By Leonard Novarro and Rosalynn Carmen
While most mainstream media has been taking a combative stance against the 45th president of the U.S., some decisions and actions coming out of the White House should be reviewed impartially.
China and trade? Look at who was standing behind the President as he signed a slate of executive orders to bring the country out of the last eight years of doldrums and inaction. That was Peter Navarro, the new trade chief who has not minced words about China’s intent to bury the U.S. economically.
Seven years ago, we attended a luncheon hosted by the Hong Kong Association in San Diego. The entire event was extolling the benefits of relocating businesses to China. Two young men at our table told us how they funded their startup with U.S. grants to create a product they were taking to China to manufacture. Repeat: Starting a business overseas with the help of U.S. grants.
At the same time, there have been and still are a flurry of business enterprises here in Southern California hosting foreign students from Asia to help them start up businesses they can take back home, along with technological knowhow they have gained here. And some companies are still using the U.S. visa program to bring in cheaper labor from Asia to replace workers here. Right before President Trump took office, in a bipartisan move, Congressmen Darrell Issa, a Republican, and Scott Peters, a Democrat, proposed restrictions on this practice.
Trump has made his attitude about China no secret — a 45 percent tariff on Chinese imports to the U.S., if the imbalance in trade does not change. As it stands, we buy ten times the products that China buys from us. President Trump’s purpose is to level the playing field. In comparison, President Obama was asked two years ago how to stem outsourcing. His response: There’s little we can do about it.
Lest one think that Trump is pivoting away from Asia, he isn’t. While he signed an executive order pulling the U.S. out of the Trans-Pacific Partnership, he said he will negotiate individually with Asian countries when it comes to trade. And that includes China. One of his first moves will be to send Defense Secretary James Mattis and CIA chief Mike Pompeo to South Korea and Japan, our staunchest allies in Asia. The topic of mutual cooperation will be on the agenda.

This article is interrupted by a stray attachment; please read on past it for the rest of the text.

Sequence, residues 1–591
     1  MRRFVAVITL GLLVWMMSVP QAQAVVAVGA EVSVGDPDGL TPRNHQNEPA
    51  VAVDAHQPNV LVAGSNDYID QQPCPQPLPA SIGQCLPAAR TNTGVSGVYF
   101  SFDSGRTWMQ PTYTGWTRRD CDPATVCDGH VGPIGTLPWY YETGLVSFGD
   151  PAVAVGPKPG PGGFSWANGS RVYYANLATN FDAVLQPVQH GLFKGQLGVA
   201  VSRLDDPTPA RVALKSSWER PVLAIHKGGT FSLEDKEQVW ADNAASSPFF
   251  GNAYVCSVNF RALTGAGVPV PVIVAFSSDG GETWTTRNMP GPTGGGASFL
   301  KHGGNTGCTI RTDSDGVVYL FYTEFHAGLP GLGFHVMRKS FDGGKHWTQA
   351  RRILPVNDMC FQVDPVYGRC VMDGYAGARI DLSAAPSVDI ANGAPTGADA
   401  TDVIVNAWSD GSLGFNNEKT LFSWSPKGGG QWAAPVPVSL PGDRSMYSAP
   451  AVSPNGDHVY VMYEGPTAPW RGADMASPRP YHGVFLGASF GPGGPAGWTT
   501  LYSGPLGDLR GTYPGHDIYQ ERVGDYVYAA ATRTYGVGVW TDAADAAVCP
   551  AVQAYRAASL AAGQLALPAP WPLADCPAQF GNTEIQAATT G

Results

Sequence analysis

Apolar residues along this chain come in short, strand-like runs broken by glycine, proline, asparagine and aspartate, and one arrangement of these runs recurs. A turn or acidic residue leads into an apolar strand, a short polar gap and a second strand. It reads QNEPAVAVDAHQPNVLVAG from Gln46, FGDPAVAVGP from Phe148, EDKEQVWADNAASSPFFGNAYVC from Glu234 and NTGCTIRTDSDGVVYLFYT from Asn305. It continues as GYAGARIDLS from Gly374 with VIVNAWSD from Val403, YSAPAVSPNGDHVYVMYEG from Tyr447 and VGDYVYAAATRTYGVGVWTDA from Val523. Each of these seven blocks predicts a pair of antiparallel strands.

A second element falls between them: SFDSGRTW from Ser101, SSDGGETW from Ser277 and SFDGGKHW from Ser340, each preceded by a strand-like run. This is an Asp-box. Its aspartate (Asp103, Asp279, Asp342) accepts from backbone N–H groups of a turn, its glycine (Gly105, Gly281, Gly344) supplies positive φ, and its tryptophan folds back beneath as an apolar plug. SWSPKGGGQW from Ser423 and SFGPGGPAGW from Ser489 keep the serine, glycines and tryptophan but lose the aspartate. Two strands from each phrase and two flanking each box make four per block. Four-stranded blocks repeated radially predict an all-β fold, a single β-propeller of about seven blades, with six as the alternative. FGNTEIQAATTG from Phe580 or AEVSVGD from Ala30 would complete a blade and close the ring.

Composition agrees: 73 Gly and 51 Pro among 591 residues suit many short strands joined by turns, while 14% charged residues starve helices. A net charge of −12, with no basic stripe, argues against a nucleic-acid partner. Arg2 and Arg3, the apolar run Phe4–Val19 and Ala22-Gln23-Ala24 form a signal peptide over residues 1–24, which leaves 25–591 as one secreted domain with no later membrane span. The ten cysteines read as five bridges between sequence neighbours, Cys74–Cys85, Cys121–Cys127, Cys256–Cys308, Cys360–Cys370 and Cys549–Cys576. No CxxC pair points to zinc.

In short, this president has done more in the first week in office than any previous chief executive, with actions that included:
1. Signing an executive order to build a wall between Mexico and the U.S. to thwart illegal (repeat illegal) immigration — as promised
2. Expanding the U.S. Border Patrol by hiring 5,000 more agents — as promised
3. Requesting a mechanism to deal with immigrants in this country illegally — as promised
4. Halting immigration from countries suspected of harboring terrorists — as promised
5. Convincing companies like General Motors to move their manufacturing plants back to the U.S. from overseas — as promised
6. Proposing benefits to offshore companies returning to the U.S. — as promised
7. Insuring tighter control over visas that encourage hiring cheap labor from Asian countries to replace American workers — as promised
8. Encouraging legal immigration of talent that will benefit the U.S. — as promised
In short, we should not be surprised by any of this because it was clearly outlined during the campaign, his inaugural address and in his past writings.
We have seen the stories about some of the “unofficial” red baseball caps emblazoned with “Make America Great Again” that were actually made in China.
Unlike the baseball cap that was the brunt of jokes last week, action this week was no joke.
Leonard Novarro and Rosalynn Carmen are the founders of the Asian Heritage Society and Asia Media Inc.
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